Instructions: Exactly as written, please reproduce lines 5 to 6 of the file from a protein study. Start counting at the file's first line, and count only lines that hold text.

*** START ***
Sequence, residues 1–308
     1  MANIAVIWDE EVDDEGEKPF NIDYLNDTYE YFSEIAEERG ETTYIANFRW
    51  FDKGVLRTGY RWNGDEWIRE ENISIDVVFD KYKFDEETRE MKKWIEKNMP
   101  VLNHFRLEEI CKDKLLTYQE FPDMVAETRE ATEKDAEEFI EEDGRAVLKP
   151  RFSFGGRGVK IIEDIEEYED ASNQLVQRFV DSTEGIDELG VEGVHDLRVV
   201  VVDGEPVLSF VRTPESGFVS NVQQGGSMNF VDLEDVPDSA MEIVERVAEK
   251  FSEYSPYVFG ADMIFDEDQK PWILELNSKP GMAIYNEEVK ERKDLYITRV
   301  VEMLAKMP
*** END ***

   151  RFSFGGRGVK IIEDIEEYED ASNQLVQRFV DSTEGIDELG VEGVHDLRVV
   201  VVDGEPVLSF VRTPESGFVS NVQQGGSMNF VDLEDVPDSA MEIVERVAEK